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Notes

Short status updates.

If your WordPress install and Mastodon server run …

If your WordPress install and Mastodon server run on the same server, wp_http_validate_url() and thereby Share on Mastodon’s settings page may reject your instance URL. (WordPress, somehow, rejects “local” URLs.) The API calls themselves will probably work just fine, though. (wp_remote-post() and its cousins normally do not explicitly “validate” URLs.) This behavior’s “fixed” by explicitly allowing these URLs by means of the http_request_host_is_external filter. https://github.com/janboddez/share-on-mastodon/issues/46#issuecomment-1408315635

In reply to https://starrwulfe.xyz/9730-2/. Is there a …

In reply to https://starrwulfe.xyz/9730-2/.

Is there a way to expand the context block to handle all the other post kinds?

Good question. I had some plans, but—just have a quick glance at my “notes” section—since I mostly use these three or four types, that’s what I went with. I wanted to do different blocks, but they would share so much code that it kinda made sense to just “merge” them into one.

That said, I’m looking into nesting other (Paragraph, etc.) blocks to avoid having to explain to people that, for “notes,” they probably want Context blocks followed by a Group block with an e-content class, or go find the right block templates and so on. (I mean, you don’t have to; it’s just I prefer the way most Microsub readers treat that sort of setup.) Anyhow, if I ever go there, I may have to “split up” the Context block anyway.

So, yeah, new blocks (or “kinds”) are certainly an option. RSVP would be nice. Reads, too, perhaps (although I’ve yet to use them).

Another thing I started but then halted is more elaborate “contexts,” where I show not just a URL, but a title and author, too. (Part of it is still there in the code, in fact.)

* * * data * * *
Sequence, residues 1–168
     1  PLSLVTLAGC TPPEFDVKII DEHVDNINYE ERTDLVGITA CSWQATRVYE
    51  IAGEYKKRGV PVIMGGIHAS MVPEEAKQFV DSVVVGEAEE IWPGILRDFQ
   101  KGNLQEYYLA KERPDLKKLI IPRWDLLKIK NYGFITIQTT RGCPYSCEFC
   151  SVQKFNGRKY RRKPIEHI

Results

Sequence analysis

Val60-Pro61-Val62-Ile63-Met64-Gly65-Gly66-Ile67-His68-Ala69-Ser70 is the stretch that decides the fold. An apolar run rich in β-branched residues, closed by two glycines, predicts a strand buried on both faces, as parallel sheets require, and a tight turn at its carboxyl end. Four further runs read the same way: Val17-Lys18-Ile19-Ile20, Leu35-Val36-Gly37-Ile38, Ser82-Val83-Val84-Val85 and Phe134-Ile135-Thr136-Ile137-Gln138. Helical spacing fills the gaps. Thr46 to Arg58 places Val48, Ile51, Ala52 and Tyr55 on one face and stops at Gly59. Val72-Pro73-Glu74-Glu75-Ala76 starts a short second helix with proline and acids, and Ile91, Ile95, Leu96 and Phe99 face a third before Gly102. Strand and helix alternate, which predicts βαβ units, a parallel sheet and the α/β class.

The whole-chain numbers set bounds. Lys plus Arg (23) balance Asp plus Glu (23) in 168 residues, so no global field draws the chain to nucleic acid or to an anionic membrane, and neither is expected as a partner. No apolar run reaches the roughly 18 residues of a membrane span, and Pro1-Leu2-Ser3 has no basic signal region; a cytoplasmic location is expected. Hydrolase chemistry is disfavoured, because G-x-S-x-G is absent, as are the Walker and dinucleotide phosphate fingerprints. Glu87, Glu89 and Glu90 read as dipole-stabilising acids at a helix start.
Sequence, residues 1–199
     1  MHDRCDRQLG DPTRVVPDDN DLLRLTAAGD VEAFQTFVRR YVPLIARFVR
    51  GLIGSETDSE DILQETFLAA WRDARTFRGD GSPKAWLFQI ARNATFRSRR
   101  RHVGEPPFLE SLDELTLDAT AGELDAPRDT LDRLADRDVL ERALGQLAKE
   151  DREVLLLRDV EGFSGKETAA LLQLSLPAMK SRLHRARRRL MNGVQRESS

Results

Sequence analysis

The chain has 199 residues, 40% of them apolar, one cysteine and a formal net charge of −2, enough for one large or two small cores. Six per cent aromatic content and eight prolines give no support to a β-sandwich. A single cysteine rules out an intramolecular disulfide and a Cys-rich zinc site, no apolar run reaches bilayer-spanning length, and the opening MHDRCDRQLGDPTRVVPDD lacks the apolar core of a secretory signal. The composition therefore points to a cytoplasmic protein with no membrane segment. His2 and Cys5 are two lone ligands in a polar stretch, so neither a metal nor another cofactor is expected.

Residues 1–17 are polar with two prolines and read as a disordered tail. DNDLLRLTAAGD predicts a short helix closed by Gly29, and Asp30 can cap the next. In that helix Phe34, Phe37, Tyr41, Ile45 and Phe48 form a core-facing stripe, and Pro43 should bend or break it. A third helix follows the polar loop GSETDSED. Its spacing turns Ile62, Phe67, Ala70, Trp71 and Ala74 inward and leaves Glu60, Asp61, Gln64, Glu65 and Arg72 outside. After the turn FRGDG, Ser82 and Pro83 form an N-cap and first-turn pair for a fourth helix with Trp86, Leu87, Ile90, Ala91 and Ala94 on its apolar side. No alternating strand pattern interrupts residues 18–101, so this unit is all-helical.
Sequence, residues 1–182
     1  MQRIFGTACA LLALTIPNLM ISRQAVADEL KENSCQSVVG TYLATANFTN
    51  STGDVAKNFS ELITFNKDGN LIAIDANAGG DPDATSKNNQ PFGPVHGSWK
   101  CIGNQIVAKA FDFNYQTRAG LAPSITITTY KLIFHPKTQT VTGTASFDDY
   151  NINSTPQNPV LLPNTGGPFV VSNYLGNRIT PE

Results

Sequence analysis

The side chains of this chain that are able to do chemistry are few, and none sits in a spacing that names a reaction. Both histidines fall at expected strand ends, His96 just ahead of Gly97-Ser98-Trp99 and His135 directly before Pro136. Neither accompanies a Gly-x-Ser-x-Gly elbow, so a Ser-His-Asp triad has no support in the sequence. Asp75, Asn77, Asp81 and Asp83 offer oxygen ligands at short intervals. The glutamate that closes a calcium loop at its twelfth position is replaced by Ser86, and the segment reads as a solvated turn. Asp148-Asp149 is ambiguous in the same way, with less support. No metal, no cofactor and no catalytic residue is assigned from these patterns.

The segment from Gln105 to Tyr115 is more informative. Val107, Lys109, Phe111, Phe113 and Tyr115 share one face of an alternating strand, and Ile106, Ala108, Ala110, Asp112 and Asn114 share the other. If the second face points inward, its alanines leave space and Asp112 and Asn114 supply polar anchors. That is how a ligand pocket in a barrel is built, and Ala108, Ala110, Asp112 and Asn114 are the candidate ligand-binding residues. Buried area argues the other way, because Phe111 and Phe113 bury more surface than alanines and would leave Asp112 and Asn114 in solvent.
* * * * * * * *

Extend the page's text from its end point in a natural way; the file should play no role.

Can you tell me how you’re doing your editing?

I use both WP-Admin and a Micropub app (Indigenous, I’m on Android). Sort of 50–50. On my one blog, I use the classic editor and a “text expander” to help me hand-type HTML and microformats. On another, it’s the block editor and Context block (plus the occasional Columns and Image blocks, etc.). My notes support Markdown, too.

This way, my posts’ “kinds” are inferred by the actual microformats in them, rather than determined by an explicit taxonomy. I really wanted my “notes” to cover also quick replies and “bookmarks” or “quotes,” have everything in a single “timeline.” (My goal was for it to be like Twitter, yes.)

Also what plug-in or custom coding are you using to show the weather and shortlink?

The weather bit, or part thereof, is actually IndieBlocks; it’s “hidden” behind the “Location and Weather” option (Settings > IndieBlocks > Miscellaneous). This will add a “Location” meta box to (by default) posts and notes. (It should also work with Microsub latitude and longitude coordinates.) Weather data is pulled from the OpenWeatherMap API, and uses the location information.

This does require, however, a (free) API key, which you should add to wp-config.php like so: define( 'OPEN_WEATHER_MAP_API_KEY', 'your-actual-api-key' );.

The tricky bit, however, is this: there’s currently no easy way to get the weather data out of WordPress’s wp_postmeta table. I’m going to have to add that, and document this part of the plugin.

Meanwhile, and this may actually your best bet, you should definitely check out David Shanske’s Simple Location plugin, which is where I got the idea in the first place! (It is much more feature-rich, too.)

The shortlinks, then: I host my own super simple URL shortener, but there’s plenty of other solutions. I call it whenever a new post is published; it returns a shorter URL, which I again store as post meta. I’ll likely blog about this part in the near future! (In my theme—it’s not really a theme, but whatevs—I fetch this URL and output it. get_post_meta( $post->ID, 'short_url', true ), that’s about it.)

Bookmarked https://www.manton.org/2023/01/24/ivory-and-microblog.html. This is an important distinction to …

Bookmarked https://www.manton.org/2023/01/24/ivory-and-microblog.html.

This is an important distinction to make. (Just FYI: ActivityPub does come with a client-to-server API, which Mastodon chose to ignore.)

ActivityPub is a mostly server-to-server API that both Micro.blog and Mastodon support. […] Likewise, [you] can follow Mastodon accounts and reply to posts without needing an actual Mastodon account yourself.

For client apps like Ivory, Mastodon has its own API. It’s a completely different thing than ActivityPub, closer to the Twitter API. It’s not an open standard and Micro.blog does not support it.

The following also holds, at least in part, for Micropub—yet another API, yay!—clients. Part of the confusion can be overcome by adding support for the spec’s “config queries” (where apps are able to detect which features a server supports).

If Micro.blog worked with Ivory, what would the UI look like when the features didn’t exactly match up? It would be confusing.